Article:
Definition of well-drained soil and other things
I have typical Colorado soil, based on your having provided a report to me after I followed your instructions for submitting a soil sample from my yard 6 years ago when I bought my house. The back yard was empty of any plants except grass.
I wanted a yard filled with bushes, trees, ground cover, and flowers, with one small area of grass. I asked a man at the Tree Farm outside Longmont to evaluate my results so he could guide me in the best selection of these items and he reviewed your report and summarized it by saying I have typical Colorado soil.
I've planted many plants since having that soil evaluation done and most of them have thrived in my Northglenn yard. However, a few have died for unknown reasons. One was a Maple tree that I asked you about and you said Maples don't do well in this area. (I gave the actual type Maple in my email but I don't recall. It may have been Autumn Blaze. ) Another plant that died was a Burning Bush. I planted two at the same time. One is thriving; it is in part sun/shade. The one that died was in full sun. But other than that, there was no apparent reason the one died. So all this brings me to the question in my subject line. What is well-drained soil? Could it have been a factor in the two deaths? Finally, I have now had a volunteer Maple growing in another part of my yard, not near the one that died. I don't know what type it is but I do have a Silver Maple in my front yard that is 55 years old and doing very well, so perhaps that's where the seed came from. The small Maple is not in an optimum spot so I want to transplant it this fall. It's about 4.5 feet tall. Can you provide advice for how to prepare the soil and what location might be best for me to move it to? (i.e., full sun, or any other things that might ensure it's success and long life.)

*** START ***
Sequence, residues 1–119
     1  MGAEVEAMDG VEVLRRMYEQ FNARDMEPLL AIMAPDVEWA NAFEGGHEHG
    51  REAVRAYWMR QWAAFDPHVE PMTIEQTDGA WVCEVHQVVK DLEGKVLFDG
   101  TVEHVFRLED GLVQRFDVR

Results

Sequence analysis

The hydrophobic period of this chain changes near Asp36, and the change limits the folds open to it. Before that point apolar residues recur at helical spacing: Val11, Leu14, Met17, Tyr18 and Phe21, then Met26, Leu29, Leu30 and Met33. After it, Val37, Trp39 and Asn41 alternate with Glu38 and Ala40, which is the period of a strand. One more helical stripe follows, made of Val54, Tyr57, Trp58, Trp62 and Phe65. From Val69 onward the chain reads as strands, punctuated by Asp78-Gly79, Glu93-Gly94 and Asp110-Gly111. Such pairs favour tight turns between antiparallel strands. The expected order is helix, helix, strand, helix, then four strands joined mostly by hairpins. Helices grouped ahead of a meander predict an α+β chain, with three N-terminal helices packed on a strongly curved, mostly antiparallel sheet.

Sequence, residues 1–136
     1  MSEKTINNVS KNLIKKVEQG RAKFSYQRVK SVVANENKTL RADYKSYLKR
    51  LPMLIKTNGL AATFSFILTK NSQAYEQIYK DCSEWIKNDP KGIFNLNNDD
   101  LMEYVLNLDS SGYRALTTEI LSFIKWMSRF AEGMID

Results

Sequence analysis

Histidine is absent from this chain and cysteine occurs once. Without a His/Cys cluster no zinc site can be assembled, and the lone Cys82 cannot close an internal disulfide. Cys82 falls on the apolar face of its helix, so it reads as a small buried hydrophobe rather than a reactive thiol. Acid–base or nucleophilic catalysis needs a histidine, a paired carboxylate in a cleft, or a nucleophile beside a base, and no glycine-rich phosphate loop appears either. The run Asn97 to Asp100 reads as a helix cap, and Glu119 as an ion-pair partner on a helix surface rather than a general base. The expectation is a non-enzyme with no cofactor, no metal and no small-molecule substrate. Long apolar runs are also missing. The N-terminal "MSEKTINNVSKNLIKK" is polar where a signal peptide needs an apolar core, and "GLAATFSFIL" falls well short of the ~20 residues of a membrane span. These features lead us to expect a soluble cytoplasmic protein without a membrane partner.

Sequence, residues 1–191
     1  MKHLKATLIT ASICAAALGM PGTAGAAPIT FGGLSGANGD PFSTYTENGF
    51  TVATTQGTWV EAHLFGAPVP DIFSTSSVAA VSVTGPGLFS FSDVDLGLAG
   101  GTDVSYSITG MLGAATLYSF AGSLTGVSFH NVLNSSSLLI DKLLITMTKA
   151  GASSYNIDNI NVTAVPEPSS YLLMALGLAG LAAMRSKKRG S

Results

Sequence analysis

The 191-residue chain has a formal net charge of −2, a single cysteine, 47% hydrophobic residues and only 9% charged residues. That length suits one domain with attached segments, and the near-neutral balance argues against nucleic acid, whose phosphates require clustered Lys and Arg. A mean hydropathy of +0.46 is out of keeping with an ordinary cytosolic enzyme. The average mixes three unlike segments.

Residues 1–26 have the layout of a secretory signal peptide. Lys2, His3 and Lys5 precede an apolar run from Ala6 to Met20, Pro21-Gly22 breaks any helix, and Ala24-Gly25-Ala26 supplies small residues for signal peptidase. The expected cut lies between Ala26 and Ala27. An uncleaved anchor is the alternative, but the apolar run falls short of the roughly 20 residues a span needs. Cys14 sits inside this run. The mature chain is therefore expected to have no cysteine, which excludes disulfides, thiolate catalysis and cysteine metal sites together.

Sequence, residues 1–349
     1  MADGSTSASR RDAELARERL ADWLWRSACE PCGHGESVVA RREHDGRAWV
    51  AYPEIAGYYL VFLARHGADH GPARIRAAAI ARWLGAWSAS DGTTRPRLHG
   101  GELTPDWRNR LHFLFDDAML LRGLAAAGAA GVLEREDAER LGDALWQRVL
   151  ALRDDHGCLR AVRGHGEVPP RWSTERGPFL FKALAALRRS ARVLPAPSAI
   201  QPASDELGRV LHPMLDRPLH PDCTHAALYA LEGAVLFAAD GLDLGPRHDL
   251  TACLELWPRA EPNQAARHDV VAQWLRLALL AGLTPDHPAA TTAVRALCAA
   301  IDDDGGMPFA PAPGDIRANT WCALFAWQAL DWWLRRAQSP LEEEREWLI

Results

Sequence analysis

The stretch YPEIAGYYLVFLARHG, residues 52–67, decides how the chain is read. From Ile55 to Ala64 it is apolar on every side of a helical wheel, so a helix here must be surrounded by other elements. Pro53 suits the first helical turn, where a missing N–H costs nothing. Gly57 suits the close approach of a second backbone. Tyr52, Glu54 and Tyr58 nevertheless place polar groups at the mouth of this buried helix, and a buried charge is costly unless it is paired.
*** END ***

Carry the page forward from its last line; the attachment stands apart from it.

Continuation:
Adams County Colorado
As far as moving the small maple tree, you might consider waiting till late winter or early spring. When you do, get as much of the root system as possible when digging it up. After that the most important thing you can do is to dig a proper planting hole. You can find detailed instructions here:
Two key points are, digging a planting hole which is at least 3x the width of the tree's root ball and making sure it is not too deep. You want the tree's first root to be about an inch above grade.
After planting it will be key to make sure the tree is watered appropriately. Generally speaking you will want to water the tree often with relatively small amounts of water.
On the burning bush, it’s really hard to say with any certainty without more information or having been able to see the plants but I suspect you are right and it has to do with planting location. Burning bushes can be grown in full sun but they definitely prefer a little shelter in our area. Soil conditions may have played a roll, again it’s hard to say. Normally the issue we run into in our area is that soil drains slowly making it easy to over water plants.